The United Kingdom has put in place sufficient data laws to allow a continuous flow of data with Europe. An official decision on this may be announced next week, the Financial Times reports.
The working paper says it saw a draft agreement allowing data to continue flowing between Europe and the UK in the same way as it does today. Temporary measures are in effect, but will expire in June.
For example, a formal agreement between Britain and Europe could support cooperation in the area of justice. When Britain left the European Union, it lost access to important databases such as the European Arrest Warrant System and the SIS II police database. The deal will also be good news for thousands of companies (especially in the health, technology and insurance sectors). After all, companies like this share a lot of personal customer data, which could become difficult in the post-Brexit era. If no agreement is reached, British companies will face serious legal problems.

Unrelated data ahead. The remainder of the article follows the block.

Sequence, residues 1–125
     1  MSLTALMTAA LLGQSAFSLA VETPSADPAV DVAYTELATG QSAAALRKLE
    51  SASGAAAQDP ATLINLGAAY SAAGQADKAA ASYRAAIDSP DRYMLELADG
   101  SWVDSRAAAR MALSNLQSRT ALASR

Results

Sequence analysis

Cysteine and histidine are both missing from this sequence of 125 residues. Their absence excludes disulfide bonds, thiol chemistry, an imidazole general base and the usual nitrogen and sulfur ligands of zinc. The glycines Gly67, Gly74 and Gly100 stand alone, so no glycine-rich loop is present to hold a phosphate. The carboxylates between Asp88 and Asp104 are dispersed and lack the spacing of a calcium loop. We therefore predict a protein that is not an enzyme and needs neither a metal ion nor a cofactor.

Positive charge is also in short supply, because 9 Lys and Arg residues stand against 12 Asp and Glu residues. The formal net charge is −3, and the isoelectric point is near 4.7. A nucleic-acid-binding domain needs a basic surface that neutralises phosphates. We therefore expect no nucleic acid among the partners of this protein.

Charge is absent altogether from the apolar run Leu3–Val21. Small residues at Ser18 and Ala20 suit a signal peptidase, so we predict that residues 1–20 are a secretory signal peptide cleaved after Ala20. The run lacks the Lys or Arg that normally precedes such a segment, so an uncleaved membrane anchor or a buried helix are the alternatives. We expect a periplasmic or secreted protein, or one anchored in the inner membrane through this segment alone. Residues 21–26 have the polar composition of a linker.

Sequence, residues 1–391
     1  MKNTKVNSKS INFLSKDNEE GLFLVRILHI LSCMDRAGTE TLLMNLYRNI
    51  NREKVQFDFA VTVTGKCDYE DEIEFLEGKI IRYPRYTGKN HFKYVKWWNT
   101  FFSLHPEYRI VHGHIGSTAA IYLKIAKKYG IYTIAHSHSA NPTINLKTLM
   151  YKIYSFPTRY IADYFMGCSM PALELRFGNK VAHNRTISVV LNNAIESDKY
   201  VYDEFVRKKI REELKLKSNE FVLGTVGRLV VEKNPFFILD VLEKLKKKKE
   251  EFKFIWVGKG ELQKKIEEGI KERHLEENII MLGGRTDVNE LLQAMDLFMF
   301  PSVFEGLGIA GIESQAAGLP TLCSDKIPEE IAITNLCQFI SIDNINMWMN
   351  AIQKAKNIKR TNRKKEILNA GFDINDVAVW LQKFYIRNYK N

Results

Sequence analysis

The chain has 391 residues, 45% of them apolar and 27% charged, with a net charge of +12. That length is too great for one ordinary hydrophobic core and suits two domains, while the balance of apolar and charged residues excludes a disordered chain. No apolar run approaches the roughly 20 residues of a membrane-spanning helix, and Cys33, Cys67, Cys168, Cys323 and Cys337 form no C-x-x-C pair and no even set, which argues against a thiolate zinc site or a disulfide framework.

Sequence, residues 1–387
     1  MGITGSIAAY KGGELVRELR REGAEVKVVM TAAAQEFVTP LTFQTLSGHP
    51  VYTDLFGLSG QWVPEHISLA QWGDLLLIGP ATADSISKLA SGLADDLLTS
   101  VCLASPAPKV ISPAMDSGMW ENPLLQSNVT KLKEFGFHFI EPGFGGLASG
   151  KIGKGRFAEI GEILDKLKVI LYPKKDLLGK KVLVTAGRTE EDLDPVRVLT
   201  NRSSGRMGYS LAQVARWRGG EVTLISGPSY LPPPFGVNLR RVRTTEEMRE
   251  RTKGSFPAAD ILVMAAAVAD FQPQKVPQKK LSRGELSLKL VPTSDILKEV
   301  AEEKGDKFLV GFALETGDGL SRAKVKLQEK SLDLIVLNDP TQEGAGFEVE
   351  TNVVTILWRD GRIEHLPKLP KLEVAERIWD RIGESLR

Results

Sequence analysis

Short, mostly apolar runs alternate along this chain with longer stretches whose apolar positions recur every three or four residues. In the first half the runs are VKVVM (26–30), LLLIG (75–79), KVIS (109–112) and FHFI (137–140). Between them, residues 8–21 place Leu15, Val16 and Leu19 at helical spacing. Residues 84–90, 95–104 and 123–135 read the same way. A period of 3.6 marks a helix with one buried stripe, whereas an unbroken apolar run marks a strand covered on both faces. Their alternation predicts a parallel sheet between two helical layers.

If a deal is made, it must be approved by the European Court of Justice as well. This is more than just a formality. A similar agreement between the US and Europe (data transfer arrangements for the Privacy Shield) had to be amended due to a complaint from well-known Austrian privacy activist Max Schreims.
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